It is only recently that Haggerty has had the opportunity to realize his pictorial designs in the much larger format of wall-filling paintings. In this context, the installation he has developed for the foyer of the Hammer Museum in Los Angeles is his most extensive work to date. When motifs that have previously been depicted by Haggerty in a number of different painted works of varying formats are transferred onto a surface that—as in the case of the entrance hall of the Hammer Museum—involves two walls at right angles to each other, three-dimensionality becomes an increasingly important aspect. Suddenly this third dimension is no longer only an illusion within the painting but also a spatial reality in the place where the work is installed. The composition of this wall-based work, with its almost monumental depiction of a progression of colored lines, prompts spectators to constantly redefine their position in relation to the image by changing their viewing angle. When applied to the space of an installation, the illusion—which in Haggerty’s previous works was contained within the relatively narrow confines of a classical panel painting—develops into a challenging game of optical deception that is produced and destroyed at once. The bending of the lines at the edges is now no longer merely a perceptual illusion; it occurs over the entire distance covered by viewers as they climb the stairs leading up to the exhibition space and pass by the wall work. This constantly changing perspective makes it seem as if the real wall of the architectural structure is curving; it becomes light and immaterial behind Haggerty’s pictorial foil. The composition, which is clearly site-specific, expands to include a suggestion of “space-specificity,” such is the pull of the visual stimulus that draws viewers in and involves them in a tense confrontation between perceived optical phenomena and actual bodily experience within the space.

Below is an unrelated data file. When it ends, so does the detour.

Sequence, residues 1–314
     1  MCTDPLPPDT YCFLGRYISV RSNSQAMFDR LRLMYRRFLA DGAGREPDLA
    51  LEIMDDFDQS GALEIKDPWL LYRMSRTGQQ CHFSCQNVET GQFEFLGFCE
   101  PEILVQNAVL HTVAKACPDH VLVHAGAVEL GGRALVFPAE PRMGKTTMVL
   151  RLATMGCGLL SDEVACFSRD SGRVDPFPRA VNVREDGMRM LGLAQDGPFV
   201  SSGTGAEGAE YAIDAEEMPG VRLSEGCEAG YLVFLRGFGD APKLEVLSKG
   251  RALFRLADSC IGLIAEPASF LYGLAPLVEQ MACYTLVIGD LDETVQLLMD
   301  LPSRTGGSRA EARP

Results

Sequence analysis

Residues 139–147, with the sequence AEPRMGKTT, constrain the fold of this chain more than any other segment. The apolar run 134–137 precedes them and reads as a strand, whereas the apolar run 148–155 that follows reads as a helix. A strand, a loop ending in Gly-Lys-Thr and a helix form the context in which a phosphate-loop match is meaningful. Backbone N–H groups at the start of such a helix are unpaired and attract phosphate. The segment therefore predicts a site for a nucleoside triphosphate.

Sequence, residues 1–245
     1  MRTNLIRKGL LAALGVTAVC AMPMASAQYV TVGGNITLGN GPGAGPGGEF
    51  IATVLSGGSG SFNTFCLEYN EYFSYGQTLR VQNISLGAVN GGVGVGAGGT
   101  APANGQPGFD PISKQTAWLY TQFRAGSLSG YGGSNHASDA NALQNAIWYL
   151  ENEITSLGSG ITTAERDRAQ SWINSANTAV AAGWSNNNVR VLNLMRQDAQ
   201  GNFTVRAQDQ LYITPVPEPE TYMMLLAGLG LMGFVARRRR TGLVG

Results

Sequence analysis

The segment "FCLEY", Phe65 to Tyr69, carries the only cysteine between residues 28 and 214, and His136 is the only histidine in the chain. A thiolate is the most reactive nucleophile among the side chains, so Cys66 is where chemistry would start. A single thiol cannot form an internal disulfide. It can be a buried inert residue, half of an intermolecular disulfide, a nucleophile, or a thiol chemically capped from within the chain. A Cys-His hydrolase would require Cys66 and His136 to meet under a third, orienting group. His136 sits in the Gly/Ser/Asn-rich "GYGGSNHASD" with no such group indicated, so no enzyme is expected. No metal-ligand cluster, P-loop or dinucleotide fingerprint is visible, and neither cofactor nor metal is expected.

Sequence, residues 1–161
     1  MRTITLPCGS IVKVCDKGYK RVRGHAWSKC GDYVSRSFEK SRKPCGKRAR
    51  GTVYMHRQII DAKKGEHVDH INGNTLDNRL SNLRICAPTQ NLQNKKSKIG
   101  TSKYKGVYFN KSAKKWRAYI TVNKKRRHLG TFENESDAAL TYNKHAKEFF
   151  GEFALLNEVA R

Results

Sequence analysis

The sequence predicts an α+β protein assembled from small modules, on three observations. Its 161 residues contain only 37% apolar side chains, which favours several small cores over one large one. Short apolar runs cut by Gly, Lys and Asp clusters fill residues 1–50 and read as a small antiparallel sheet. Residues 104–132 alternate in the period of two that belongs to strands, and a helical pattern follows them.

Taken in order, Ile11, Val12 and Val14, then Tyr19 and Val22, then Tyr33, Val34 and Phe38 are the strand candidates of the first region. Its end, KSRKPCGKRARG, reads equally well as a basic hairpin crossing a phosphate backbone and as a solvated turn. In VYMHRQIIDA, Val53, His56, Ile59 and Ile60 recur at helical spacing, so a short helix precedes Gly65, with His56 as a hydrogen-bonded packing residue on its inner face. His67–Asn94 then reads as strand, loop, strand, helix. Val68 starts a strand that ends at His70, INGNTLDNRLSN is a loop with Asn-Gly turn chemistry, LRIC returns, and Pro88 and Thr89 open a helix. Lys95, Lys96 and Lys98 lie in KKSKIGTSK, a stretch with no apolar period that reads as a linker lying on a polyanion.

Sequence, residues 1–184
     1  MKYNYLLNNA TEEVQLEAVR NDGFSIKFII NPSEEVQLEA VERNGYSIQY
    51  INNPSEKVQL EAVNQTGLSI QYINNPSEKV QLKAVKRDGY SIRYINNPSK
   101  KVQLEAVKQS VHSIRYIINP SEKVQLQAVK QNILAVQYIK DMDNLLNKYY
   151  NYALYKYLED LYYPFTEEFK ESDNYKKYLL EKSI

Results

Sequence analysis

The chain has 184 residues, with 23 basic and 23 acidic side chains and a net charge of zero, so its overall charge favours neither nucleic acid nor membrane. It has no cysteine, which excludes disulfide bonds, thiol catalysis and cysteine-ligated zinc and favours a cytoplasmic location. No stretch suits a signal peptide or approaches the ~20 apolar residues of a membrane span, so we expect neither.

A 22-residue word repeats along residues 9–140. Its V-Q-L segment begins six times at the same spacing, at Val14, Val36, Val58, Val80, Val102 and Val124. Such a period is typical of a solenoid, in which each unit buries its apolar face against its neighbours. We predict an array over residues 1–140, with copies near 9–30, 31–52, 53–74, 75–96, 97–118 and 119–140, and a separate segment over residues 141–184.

With his new wall installation, devised especially for the Hammer Museum, Terry Haggerty has created a piece that expands the scope of his abstract pictorial language; he has achieved a new synthesis of painted optical illusion and actual spatial experience. Exploiting the illusory qualities of painting to the fullest, he skillfully creates an impression of movement upon the wall surfaces, and relying on the perceptual motor skills of the viewer, his wall painting also conveys a sense of movement within the architecture itself when seen from different points of view. The spectator is given the impression of being drawn behind the painted surfaces, which seem like relief works protruding into the space. The expansion and transference of his familiar pictorial structures into this new architectural dimension give Haggerty’s latest work a distinct and remarkable spatial presence.
Translated from the German by Jacqueline Todd.
Friedrich Meschede is head of the Department of Visual Arts at the Berliner Künstlerprogramm at DAAD Berlin, where he curates projects with artists-in-residence in collaboration with other contemporary art institutions in Berlin.
Hammer Projects is made possible with support from The Horace W. Goldsmith Foundation, the Annenberg Foundation, Fox Entertainment Group's Arts Development Fee, the Los Angeles County Arts Commission, members of the Hammer Circle, and the David Teiger Curatorial Travel Fund.